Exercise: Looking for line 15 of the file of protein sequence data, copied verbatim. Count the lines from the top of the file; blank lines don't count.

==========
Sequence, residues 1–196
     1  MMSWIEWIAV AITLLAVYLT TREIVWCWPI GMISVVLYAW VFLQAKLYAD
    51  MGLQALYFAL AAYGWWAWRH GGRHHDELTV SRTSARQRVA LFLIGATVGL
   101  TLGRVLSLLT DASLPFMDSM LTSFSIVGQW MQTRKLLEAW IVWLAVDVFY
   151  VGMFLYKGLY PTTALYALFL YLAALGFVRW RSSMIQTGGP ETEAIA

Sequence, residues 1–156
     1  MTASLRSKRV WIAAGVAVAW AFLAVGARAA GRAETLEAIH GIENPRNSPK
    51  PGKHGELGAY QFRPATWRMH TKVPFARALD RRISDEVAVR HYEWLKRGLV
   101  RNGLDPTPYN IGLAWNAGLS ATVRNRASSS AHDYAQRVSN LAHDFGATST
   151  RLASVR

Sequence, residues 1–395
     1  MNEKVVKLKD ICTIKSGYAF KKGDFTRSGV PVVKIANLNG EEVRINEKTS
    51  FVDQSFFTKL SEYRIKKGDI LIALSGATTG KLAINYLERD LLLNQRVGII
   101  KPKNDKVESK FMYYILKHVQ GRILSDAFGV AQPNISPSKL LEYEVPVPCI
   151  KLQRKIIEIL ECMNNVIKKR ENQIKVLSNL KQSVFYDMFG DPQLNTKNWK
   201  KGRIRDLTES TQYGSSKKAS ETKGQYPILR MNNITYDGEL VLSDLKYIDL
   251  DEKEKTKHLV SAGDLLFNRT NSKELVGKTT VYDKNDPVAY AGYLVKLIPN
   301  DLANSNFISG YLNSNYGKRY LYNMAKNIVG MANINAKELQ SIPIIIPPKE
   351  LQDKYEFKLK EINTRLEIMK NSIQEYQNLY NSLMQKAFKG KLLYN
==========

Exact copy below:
   151  KLQRKIIEIL ECMNNVIKKR ENQIKVLSNL KQSVFYDMFG DPQLNTKNWK